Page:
from The Newest Employee of the Museum of RuinFind more by Charlie Clark at the library

Copyright © 2020 Charlie Clark
Used with the permission of The Permissions Company, LLC on behalf of Four Way Books.

Staten Island Ferry Ride

Boarding the boats, we risk

Middle Passage riptides

still rolling in,

badged sharks

in blue.

Today we board to march

for Eric Garner.

Hooked by hysterical

arms, he thrashed

like a caught thing

on the sidewalk.

We roil past Lady Liberty.

Draped in a dingy gown,

her smudged face

stares back.

Weeds grasp

her hem.

from Starshine & ClayFind more by Kamilah Aisha Moon at the library

Copyright © 2017 Kamilah Aisha Moon
Used with the permission of The Permissions Company, LLC on behalf of Four Way Books.

Blueberry

She wanted to play with the blue parakeet,

so she cupped it in her hands, then let it perch

on her index finger

until her father said the bird was tired,

dear, it gets tired, it’s just a little thing,

so she made it rest an hour

then took it out again,

letting it balance on her shoulder. Sometimes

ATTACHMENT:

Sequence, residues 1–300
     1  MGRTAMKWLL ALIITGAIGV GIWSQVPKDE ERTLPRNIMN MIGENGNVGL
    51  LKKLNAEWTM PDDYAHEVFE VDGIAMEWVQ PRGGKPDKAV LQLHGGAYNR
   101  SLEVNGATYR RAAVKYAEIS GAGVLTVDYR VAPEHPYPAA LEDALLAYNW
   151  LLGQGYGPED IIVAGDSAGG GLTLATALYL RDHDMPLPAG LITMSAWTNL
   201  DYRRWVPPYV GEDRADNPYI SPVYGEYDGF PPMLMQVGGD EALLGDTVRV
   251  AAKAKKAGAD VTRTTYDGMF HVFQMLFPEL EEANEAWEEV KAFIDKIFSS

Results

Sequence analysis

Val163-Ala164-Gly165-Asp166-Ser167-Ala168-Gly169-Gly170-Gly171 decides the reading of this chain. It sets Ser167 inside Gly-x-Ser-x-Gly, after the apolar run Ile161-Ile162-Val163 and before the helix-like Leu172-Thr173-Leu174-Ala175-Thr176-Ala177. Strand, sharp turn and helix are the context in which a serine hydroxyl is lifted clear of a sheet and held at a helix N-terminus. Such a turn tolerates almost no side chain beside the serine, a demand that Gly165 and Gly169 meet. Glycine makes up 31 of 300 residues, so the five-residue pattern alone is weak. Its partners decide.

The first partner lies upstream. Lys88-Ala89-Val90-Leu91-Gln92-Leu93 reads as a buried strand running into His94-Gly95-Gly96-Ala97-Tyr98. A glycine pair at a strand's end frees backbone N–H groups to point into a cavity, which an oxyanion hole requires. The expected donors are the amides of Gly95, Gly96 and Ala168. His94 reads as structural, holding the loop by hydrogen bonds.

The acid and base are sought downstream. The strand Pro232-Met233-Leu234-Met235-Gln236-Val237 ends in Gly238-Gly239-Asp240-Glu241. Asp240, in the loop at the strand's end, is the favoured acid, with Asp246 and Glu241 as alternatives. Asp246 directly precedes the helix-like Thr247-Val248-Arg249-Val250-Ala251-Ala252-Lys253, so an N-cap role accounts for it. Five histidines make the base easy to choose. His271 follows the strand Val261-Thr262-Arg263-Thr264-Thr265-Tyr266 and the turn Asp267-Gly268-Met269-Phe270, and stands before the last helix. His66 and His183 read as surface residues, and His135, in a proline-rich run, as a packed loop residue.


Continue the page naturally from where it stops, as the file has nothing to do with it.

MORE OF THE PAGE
it tried to fly,

but its wings had been clipped

so it fluttered to the floor and hid under the table

until she lifted it again, stroking its head,

while her father said,

it’s late now, the bird needs to sleep

and so do you.

The bird would survive a week.

+

It is wonderful to be in love,

said the drone to its target,

but the target

was talking to his daughter.

In love, in love, in love,

said the drone fluttering at the target’s window.

It had a hot engine, a propeller’s low pulse.

It took twenty pictures

which it sent wirelessly

to the Central Office,

pictures of a man in a well-lit dining room,

his black-haired daughter,

and her blue parakeet.

+

He was, the investigators believed, a very bad man,

so they observed him

with the attention of a lover.

Everything he said, their drone recorded, compressed,

and sent on to the Bureau

where such information

was processed

for the prosecution.

+

Before she returned it to the cage,

she let the bird peck at a pile of seed

she held in her palm.

The bird

ate just a little. Blueberry, blueberry,

she said, stroking its feathers,

while her father

spoke tersely on the phone,

then studied the map

he’d spread on the table,

a map the little drone

tried to photograph through the window.

+

In her bedroom,

the cage was an empty head.

But when she opened the door

and the parakeet hopped inside,

the cage was alive with thought.

And when she covered it for the night,

the feverish cage

imagined first the apartment

and its tempting windows,

then the sky beyond them,